I hadn't realized just how aimless this was on first pass – while many of Ford's films take time to examine dynamics, as opposed to constructed narrative beats, this still feels like his laziest film, but it is all the better for it. After the Earp clan arrives in Tombstone, they're set up for a rivalry with the Clanton's – whom we already suspect is behind their their brother's murder – but there is only one real confrontation before the final act. Instead, Ford elegantly humanizes his characters through crisscrossing interactions, a realistic touch in his mythic west.
While it is not as overtly challenging as The Man Who Shot Liberty Valance, My Darling Clementine fits in nicely with Ford's…
Watched with Daniel Kibbe and Gerardo Rivera
A perfect end to nearly eight hours of uninterrupted movies with friends.
(And it was like 10 hours for me because I was watching Fast Five before I picked up G.R.)
Ford shoots nights in the desert town of Tombstone in near perfect dark and with complete elegance. He centers the tale of the shoot-out at the OK Corral, a concept usually shot as ornamented and stylish as possible in films like Tombstone and Wyatt Earp, around four characters. They criss-cross each other for about an hour as we slowly learn more about their relationships with each other as well as how the overall dynamic works between them. They do this until the last twenty minutes when the climax literally rolls in on a stagecoach.
"What kind of a town is this!?" shouts Wyatt Earp (Henry Fonda) as he enters Tombstone and has a shave interrupted by whizzing bullets from a nearby saloon.
It's an exuberant introduction that forms the ethos for John Ford's eloquent western and culminates with a killer shootout at the O.K. Corral.
One of the Earp brothers is murdered in a cattle raid and his siblings decide to become Tombstone lawmen. Instead of immediate vengeance, I liked how Wyatt's arc was more concerned with unspoken codes and how he's placed in Tombstone's community. He appears as a drifting wanderer and someone's who's motivations are clinical until the very end.
I didn't find My Darling Clementine to be Ford at his most…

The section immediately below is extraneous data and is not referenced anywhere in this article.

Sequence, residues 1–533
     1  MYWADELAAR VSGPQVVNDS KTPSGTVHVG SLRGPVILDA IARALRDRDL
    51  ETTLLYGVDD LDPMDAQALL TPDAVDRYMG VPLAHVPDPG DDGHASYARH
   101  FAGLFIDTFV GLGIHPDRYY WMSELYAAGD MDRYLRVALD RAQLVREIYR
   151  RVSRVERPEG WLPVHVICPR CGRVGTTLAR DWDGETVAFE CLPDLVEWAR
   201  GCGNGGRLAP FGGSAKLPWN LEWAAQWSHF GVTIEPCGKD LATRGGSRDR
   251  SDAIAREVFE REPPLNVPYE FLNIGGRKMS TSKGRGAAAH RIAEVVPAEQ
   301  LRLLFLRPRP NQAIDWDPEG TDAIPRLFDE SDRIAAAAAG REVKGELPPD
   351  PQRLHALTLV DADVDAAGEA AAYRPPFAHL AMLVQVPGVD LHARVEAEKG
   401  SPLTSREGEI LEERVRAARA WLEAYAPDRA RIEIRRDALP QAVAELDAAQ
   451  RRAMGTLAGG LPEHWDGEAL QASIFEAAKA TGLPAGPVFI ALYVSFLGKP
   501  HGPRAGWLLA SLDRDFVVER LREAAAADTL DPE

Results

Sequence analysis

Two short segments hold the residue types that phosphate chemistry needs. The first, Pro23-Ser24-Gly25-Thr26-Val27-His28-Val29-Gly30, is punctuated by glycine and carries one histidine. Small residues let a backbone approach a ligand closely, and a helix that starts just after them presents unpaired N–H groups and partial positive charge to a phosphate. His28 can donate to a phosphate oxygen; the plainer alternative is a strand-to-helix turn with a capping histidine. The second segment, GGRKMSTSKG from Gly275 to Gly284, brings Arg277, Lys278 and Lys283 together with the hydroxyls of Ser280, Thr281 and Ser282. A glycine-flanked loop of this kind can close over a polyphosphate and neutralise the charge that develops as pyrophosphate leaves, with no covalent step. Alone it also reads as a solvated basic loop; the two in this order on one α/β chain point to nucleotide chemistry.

A decent enough western. If you are a fan of John Ford then it is worth checking out. It is the type of film where its simplicity is its main positive. There is some beautiful scenery to behold too for those looking for a visual treat. It is also a good switch-up for those looking for a good classic western but are tired of seeing John Wayne on screen. I think this film does a pretty decent job at highlighting the lawlessness of the land that is often so necessary to portray if one wants to make a good western. If you are on a western kick then its worth checking out My Darling Clementine.
Man, do I love me some Henry Fonda and John Ford.
Another fantastic western from Ford.
"Ma'am, I sure like that name... Clementine."
Just noticed that Earp and Holliday are such BFFs that they wear the same hat for a while, they just fold the crown differently.
The 97 minute theatrical cut. A sensational piece of storytelling. Stripped back and tender - not an ounce of narrative or emotional fat on it anywhere.
The famous gunfight itself isn't glamorised or artificially dramatised - it is brief, and its consequences dealt with in a matter of fact manner. The film concentrates more on the build up than the explosion. The build up to the final showdown; the build up within this climactic set piece itself (with the clinking of Wyatt Earp's spurs breaking the absolute silence, one of Ford's clever contributions to the mounting tension); and the build up of the toils and troubles of everyday life etched into the faces of these characters who we come to…
My Darling Clementine is a beautiful film, yet I don’t quite trust it. I find it deeply moving, but I think it is out to trick me. It creates a vital foundation myth about the United States, yet I don’t share much of its ideals. But I think that in the same way that Double Indemnity seems to be at the centre of all discussions about film noir because it ticks so many of the boxes that define noir, so My Darling Clementine should be at the centre of all discussions about the Western: it is the clearest presentation of the Western world and myth – at least, important parts of it. The Garden and the Wilderness, Civilization and the…
A charming classic
All the films from all the editions, including those subsequently removed, presently totalling 1177. An easy way of seeing how…